Milo Aukerman and The Descendents once spouted off about “Parents.”
“Parents! Why won’t they shut up? Parents! They’re so fucked up! But little do they know, one day I’ll explode!”
I wonder if they had taken in a showing of The Psychopath?
The Psychopath is a disturbed motion picture. It involves children, parents, and the unsettling realities that can occur between the two. That’s part of the story. Then, there’s Mr. Rabbey, resident psychotic and host of a local kids’ TV program called “The Mr. Rabbey Show.”
“If you pretend enough and make your fantasies real enough, then it can come true!”
Good God. Forget Devil Times Five and Horror High; they were just screwing around. The Psychopath is the child-abuse-themed-horror-film with a mission — one that is both blunt and unnatural. Directed and written by Larry G. Brown, who bucked trends a few years earlier with the gay biker anomaly The Pink Angels, this film seeks revenge against horrible parents. It places an asexual, man-child as a host of a children’s show and adds a fuddled slasher. It isn’t just ridiculous; it’s completely deranged. If you’re feeling light-headed, don’t fret. The puppets, lawn mower death, and karate cops are instant equalizers.
Tommy aka Mr. Rabbey (the uncomfortable Tom Basham) keeps his ears and mascara-dipped eyes open. When he’s not busy enacting uneasy puppet shows on television (“I’ll chop your head off!”), Rabbey can be found on the playground, in the hospital, or riding his bike. With little kids. But sometimes, he hears and sees things, including a drunken couple beating their five-year-old child to death (then covering up the murder) and a mother slapping her young daughter to the ground while screaming, “Ya rotten little bitch!” Rabbey and his “blankey” don’t like these things. There’s a reason why. But now it’s time to get even.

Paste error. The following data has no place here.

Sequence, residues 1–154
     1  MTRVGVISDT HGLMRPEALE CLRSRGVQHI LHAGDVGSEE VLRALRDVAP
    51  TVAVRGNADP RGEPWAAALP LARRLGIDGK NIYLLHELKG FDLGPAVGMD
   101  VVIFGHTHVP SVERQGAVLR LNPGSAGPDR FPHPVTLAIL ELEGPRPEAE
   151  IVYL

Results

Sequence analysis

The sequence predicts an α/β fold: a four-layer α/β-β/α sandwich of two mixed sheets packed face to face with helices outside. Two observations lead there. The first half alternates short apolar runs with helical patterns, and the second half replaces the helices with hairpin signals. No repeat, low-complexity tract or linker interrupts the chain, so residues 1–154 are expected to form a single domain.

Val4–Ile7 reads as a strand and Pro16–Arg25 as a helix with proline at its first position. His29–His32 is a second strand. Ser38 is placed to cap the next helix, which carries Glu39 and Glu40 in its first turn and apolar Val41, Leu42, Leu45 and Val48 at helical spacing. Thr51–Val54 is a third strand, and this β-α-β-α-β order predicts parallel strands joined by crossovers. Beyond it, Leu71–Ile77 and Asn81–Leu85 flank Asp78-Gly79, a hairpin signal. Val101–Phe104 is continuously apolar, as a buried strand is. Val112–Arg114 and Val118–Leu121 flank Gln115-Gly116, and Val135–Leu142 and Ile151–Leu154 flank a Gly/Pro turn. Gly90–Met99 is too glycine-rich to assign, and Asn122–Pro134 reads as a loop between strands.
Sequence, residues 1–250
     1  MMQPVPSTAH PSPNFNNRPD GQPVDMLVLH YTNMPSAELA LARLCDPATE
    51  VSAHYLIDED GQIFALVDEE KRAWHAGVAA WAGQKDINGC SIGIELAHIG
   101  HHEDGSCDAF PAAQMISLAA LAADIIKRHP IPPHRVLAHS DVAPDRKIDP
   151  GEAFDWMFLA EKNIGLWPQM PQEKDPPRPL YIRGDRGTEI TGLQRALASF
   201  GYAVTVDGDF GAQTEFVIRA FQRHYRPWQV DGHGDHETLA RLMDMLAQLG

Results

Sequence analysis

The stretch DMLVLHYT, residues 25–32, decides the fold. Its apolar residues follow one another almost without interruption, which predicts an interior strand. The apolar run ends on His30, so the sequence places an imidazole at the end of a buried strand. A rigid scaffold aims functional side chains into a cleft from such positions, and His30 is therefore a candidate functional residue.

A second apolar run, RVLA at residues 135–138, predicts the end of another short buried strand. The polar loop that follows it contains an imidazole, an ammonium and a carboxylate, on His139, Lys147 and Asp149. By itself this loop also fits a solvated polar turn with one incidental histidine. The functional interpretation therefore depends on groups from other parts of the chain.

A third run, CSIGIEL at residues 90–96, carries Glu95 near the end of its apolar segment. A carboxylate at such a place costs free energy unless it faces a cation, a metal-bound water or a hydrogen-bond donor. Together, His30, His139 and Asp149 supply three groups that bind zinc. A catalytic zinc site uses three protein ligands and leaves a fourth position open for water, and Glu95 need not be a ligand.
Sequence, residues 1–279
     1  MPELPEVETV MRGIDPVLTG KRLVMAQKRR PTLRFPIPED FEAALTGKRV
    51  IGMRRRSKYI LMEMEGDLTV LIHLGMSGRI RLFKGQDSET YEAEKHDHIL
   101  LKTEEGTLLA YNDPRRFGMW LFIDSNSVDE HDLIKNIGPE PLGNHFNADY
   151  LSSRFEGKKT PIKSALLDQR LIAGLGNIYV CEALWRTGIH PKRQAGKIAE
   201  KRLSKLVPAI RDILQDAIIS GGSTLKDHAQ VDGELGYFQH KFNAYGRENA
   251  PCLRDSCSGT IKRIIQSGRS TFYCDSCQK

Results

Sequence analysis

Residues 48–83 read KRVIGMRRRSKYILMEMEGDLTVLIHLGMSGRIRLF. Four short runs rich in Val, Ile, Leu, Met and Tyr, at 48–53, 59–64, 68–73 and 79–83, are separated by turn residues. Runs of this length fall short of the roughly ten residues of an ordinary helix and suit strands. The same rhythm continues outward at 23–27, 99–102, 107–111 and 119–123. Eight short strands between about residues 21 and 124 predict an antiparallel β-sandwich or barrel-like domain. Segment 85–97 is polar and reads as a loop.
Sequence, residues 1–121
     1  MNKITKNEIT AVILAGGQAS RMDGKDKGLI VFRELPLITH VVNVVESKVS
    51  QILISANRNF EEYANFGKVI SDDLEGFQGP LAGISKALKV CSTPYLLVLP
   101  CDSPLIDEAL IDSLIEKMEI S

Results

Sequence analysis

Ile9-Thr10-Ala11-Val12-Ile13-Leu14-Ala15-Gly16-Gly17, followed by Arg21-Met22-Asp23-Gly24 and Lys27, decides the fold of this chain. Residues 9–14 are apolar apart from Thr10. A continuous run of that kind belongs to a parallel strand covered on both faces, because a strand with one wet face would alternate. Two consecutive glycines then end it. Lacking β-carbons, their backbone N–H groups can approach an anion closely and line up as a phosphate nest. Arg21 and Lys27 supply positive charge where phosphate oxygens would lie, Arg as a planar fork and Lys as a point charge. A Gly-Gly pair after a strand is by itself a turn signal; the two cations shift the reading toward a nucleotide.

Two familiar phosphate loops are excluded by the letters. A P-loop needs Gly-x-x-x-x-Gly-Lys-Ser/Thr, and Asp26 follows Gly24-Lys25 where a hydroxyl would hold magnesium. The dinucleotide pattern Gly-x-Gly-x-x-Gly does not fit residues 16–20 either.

If the initial novelty of The Psychopath is what drives the film, its taboo forces define it. Shabby, inconsistent, and seemingly edited by a conflicted mind, the film’s presentation is utter 1970s junk. Which, of course, is top drawer to me. The soundtrack jumps from stark, ass-shakin’ drum kits to out-of-tune schmaltz to country hackjobs without reason. Frequent inserts of Rabbey’s bug-eyes fill the screen. Sudden bursts of unintentional humor break the wall. Carnival footage pads the final third. Yet, these random intrusions rarely align with the emotional content, be it chilling (Rabbey’s alone time), tense (the stalk scenes), or jolting (parental behavior). Is all of this detrimental to the whole? Hardly.
The Psychopath is so steadfast in its angst that a little variety only benefits the film. In effect, that irregularity is what solidifies the movie’s promise as a bizarro, socio-trash delight, all the way through to the unbelievable ending. Disturbing subject matter. Deficient organization. Genuine intensity. Puppets that decapitate each other. I wouldn’t have it any other way.